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Guillain-Barré Syndrome Can’t Keep Macungie Woman Down

Each year, Carol Usher looked forward to planting a small tomato garden at her Macungie home.

Not feeling well after prepping the garden for planting one spring morning, Carol went for a nap. Carol’s spouse, Jennifer, arrived home a few hours later to find Carol unable to get up from the bed. After a long and worrisome struggle to move Carol at all, the pair called 911.

They didn’t know it at the time, but Carol, 74, was experiencing the effects of Guillain-Barré syndrome, a rare autoimmune disorder that causes weakness, numbness and paralysis in legs, arms, face and breathing muscles.

“I couldn’t move,” says Carol. “I could still talk. By the time the ambulance came, I was dead weight.”

Once in the intensive-care unit, Carol’s condition progressed to full paralysis. She was unable to breathe on her own and could only move her eyes — nothing else. It was stunning, Jennifer remembers, how rapidly Carol’s health declined.

“It was like falling off a cliff,” says Jennifer. “To see someone you love so helpless — it was heart wrenching.”

Choosing Good Shepherd for Recovery

Gradually, Carol’s condition improved to where she was ready for rehabilitation. Wanting physical medicine and rehabilitation (PM&R) experts that were close to home, the couple chose Good Shepherd for Carol’s recovery.

“We were so grateful that there’s a world-class facility here in Allentown,” says Jennifer.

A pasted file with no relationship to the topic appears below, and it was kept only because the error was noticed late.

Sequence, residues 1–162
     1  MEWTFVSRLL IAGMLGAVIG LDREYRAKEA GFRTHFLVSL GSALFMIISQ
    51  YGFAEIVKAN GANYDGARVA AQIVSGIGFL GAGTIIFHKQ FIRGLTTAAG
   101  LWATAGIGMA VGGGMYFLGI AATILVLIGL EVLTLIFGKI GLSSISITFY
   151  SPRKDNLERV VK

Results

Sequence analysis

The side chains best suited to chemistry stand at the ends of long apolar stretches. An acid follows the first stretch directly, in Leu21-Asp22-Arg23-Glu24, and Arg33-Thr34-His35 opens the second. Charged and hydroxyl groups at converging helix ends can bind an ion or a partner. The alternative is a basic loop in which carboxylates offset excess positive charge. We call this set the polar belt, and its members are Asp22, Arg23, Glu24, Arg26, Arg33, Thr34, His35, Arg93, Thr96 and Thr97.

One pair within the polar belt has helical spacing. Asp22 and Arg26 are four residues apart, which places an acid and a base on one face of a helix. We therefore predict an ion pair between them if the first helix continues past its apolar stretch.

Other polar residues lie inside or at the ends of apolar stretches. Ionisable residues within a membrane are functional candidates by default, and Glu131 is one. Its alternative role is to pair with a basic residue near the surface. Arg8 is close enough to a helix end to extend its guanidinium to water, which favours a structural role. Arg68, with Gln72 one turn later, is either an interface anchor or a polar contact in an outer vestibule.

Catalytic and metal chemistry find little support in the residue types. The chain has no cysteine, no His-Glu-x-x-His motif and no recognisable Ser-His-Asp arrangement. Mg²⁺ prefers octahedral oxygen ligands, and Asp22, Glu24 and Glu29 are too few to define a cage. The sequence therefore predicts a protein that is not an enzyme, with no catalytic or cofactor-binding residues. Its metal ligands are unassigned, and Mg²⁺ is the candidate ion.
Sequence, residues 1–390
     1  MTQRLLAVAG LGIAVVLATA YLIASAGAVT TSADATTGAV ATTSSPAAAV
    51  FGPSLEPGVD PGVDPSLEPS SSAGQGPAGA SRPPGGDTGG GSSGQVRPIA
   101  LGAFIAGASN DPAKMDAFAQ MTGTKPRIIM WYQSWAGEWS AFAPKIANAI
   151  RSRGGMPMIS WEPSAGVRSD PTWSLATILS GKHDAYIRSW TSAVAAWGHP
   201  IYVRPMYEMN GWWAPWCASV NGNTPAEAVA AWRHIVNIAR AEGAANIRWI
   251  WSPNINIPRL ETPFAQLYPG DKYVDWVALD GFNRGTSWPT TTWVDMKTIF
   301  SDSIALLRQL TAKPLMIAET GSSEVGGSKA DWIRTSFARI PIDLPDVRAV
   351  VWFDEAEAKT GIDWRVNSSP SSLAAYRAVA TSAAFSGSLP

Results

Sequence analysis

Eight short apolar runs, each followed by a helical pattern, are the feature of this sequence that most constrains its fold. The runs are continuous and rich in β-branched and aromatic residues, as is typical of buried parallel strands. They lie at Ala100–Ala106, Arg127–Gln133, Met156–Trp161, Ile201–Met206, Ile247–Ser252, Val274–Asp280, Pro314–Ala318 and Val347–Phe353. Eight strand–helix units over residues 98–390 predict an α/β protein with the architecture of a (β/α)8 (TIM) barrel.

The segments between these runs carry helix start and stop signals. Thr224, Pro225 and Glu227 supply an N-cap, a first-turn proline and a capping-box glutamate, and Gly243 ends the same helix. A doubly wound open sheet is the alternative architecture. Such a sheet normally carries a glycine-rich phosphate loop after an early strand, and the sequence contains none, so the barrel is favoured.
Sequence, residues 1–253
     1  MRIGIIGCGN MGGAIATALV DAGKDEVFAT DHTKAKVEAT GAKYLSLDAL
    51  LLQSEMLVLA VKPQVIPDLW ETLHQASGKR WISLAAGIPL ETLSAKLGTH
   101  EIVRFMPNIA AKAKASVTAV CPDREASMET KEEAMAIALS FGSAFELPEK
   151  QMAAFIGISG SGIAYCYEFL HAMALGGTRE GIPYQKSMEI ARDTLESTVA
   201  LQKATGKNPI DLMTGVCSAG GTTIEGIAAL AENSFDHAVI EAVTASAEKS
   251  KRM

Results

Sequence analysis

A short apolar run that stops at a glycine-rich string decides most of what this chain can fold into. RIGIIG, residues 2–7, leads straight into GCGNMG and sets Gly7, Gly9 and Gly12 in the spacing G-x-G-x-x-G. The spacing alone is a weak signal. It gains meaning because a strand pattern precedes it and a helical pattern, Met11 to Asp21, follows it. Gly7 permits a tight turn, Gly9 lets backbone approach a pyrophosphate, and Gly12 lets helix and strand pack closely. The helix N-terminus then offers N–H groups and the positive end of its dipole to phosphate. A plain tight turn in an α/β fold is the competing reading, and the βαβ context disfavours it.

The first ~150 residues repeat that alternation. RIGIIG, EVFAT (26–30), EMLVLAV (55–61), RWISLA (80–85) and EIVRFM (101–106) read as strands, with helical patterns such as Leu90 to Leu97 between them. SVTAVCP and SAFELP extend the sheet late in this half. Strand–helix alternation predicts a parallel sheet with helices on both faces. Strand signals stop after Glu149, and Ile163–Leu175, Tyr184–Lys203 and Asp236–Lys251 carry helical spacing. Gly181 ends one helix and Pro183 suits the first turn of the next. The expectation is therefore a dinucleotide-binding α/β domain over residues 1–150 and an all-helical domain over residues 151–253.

When Carol arrived at Good Shepherd Rehabilitation Hospital, she was in a wheelchair, couldn’t stand on her own, couldn’t pick up or grab items and couldn’t feed herself.

Good Shepherd started rehab immediately, and Carol soon started regaining function.

From Inpatient Rehab to Outpatient

Working hard and making progress at Good Shepherd Rehabilitation Hospital, Carol was discharged and transitioned to outpatient rehabilitation. She has continued seeing Good Shepherd’s PM&R doctors, and receives physical therapy, occupational therapy, speech therapy, vision therapy, hand therapy and aquatic therapy. Carol also has used the Ekso Bionics™ exoskeleton, which helped her to walk during her recovery.

Where she once could move only her eyes and couldn’t breathe on her own, Carol can now navigate stairs, cut her own food, get out of bed and dress. In fact, Carol can walk without a cane at therapy.

“I’m still working,” says Carol. “My goal is to walk without anything full-time. That keeps me going.”

Jennifer marvels at how far Carol has come since that devastating spring morning.

“It’s why her levels of capability are so thrilling to see,” says Jennifer.

Through inpatient and outpatient rehabilitation, the physicians, nurses, therapists and other Good Shepherd staff members made a significant difference in Carol’s ongoing recovery, she says.

“I’m convinced that if I didn’t go to Good Shepherd, I would still be in a wheelchair,” says Carol.

For more information on Guillain-Barré syndrome rehabilitation, call 1-888-44-REHAB or request an appointment.